May 5, 2008

In Pixieland: Tools for Creativity

This is not my spoiled UglyDoggy, but a friend's dog. The main reason she is the star of this story today is because she was caught at the scene crime and even when her face looks innocent, she is not.

See all those papers around her? Well, those were nice, neat piles product of some "let's get organized" work on my friend's side. Of course, it took Pixie (the dog) one minute to make a mess out of them!

But the story goes beyond this. When chatting with my friend about the fact that Soy (my dog) tends to do exact the same thing -to my utter frustration)- we started "talking dog" what means exchanging what we believe is their point of view on the matter. For example, when I ask if I can include this picture in my blog, the answer was:

"Sure, you can put her on UD -- but she wants it noted that the cats started it!"

That is Pixie's side of the story. Because she lives in Pixieland, her world, a parallel world to ours, a world we inhabit but we rarely think about...

An animal, a baby or even an object point of view is an excellent way to exercise creative thinking. Consider this for a minute: Does my dog think that I am an excellent hunter each time I come back from the supermarket with food? Does your cat thinks you are crazy because you are knitting instead of playing with the balls of yarn? How they look at us? Is it like the old saying, we are gods for our dogs and servants for our cats? How they perceive OUR world considering their world?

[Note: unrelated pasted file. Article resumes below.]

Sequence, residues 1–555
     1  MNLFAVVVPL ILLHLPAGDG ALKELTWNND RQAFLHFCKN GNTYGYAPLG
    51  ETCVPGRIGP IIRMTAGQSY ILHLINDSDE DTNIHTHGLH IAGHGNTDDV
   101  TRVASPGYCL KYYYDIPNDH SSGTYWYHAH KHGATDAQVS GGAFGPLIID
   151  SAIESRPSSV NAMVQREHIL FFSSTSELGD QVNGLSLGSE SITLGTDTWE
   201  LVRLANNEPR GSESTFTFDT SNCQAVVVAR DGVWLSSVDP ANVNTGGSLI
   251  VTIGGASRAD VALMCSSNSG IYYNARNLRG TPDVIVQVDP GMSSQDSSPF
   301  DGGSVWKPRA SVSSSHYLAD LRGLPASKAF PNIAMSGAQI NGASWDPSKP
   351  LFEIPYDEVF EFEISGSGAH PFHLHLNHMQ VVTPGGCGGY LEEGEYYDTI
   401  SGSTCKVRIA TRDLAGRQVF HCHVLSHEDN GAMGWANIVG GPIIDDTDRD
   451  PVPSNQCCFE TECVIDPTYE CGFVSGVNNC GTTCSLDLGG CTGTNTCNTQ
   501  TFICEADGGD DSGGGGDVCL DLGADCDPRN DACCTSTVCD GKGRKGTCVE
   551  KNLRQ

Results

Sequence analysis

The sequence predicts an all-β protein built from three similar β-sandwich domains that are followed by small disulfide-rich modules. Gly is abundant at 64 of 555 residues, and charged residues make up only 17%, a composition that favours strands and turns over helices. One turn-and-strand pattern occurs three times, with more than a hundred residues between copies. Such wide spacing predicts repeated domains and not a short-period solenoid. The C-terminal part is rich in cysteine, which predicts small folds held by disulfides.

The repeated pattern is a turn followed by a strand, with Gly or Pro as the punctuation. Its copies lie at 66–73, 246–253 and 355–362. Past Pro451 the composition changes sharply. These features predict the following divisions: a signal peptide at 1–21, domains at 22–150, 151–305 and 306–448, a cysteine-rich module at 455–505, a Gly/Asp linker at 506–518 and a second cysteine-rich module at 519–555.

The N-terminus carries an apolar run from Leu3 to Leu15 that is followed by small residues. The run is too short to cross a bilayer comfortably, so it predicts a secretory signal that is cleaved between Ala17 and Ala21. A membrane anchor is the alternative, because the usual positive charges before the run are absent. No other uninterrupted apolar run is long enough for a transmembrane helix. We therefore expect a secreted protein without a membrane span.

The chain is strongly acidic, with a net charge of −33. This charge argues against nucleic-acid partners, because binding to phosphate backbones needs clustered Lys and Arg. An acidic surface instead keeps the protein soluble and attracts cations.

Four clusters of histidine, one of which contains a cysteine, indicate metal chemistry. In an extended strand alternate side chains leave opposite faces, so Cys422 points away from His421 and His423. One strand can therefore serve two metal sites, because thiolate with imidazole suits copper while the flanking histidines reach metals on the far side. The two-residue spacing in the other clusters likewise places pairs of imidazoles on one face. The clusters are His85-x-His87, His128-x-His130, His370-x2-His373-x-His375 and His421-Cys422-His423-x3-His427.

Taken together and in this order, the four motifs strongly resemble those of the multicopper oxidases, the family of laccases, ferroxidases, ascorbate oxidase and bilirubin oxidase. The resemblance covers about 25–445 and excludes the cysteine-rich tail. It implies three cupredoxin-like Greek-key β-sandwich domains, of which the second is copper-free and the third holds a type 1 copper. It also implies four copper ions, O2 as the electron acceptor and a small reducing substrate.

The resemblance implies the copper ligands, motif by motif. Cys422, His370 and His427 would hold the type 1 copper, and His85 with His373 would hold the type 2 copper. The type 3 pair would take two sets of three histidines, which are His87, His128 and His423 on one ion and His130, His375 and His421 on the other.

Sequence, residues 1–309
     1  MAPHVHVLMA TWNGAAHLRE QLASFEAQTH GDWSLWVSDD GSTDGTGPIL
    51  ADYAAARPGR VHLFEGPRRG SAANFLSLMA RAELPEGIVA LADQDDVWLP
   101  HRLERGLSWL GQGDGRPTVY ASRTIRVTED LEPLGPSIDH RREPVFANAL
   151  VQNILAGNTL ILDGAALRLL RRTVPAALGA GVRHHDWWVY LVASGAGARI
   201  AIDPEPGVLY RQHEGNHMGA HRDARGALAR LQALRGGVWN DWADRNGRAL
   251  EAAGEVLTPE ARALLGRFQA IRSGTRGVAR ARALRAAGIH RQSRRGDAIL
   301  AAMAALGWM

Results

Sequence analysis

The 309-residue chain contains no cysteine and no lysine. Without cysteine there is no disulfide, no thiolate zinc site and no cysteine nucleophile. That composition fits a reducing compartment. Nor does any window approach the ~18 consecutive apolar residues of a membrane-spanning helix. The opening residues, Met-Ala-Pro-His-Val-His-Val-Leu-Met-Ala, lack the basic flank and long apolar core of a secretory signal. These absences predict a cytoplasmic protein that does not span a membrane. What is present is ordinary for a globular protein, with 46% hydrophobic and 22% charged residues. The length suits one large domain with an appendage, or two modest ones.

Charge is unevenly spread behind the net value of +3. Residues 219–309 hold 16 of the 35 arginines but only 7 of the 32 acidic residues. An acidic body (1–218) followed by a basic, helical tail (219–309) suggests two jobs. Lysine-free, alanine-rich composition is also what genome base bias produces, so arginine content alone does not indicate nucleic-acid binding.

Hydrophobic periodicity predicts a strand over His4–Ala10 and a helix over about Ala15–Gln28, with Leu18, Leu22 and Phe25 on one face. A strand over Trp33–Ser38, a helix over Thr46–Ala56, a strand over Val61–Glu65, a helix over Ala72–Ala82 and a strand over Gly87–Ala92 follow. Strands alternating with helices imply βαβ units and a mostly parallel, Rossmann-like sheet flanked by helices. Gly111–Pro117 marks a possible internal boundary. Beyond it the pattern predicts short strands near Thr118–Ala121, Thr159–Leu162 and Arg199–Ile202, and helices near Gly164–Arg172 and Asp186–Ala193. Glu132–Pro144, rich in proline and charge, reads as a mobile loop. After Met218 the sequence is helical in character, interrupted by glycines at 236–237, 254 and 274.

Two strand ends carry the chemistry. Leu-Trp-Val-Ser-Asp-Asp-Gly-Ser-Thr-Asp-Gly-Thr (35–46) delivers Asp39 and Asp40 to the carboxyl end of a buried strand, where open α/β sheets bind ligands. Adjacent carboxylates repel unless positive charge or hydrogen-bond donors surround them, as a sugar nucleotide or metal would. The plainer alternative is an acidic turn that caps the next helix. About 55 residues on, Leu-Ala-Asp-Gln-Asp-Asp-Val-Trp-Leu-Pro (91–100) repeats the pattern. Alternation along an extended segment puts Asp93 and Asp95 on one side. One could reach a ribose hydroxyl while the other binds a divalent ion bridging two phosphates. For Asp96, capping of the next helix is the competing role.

Trying to "get in their heads" and to see the world through their eyes, is a useful tool for anyone that wants to improve their creative skills, and it is a proven technique for creative writing either for advertising or for writing a novel.

In fact, two very good different campaigns right now (one in the radio and the other one on TV) play on the same resource. One is the campaign for Avis, where you can hear the thinking of the "jealous" household car. Here is one of their spots:

Try it out. And if you can find out what my dog thinks about me, your cat about you and/or what Pixie thinks about those piles she messed with, share that knowledge with us!

(Thanks Pixie for your permission to publish the picture and your argument about the cats was duly noted!)


Anonymous said...

Reminds of DeBono's OPV- Others Point of View. I use this idea often when teaching to help students see ideas or story elements from another characters point of view. This really generates some interesting ideas. Kids being kids love to think about the point of view of the toilet.

Great blog, I am adding your blog to my blog. Keep up the great thinking.

San said...

Kids are the best to exercise creativity! In some way they are still "raw material" and they have less things already labeled and categorized in their brain, so they naturally do more "unusual" connections (unusual for us of course). Thanks for your kind words and the link, I will make sure to stop by your site!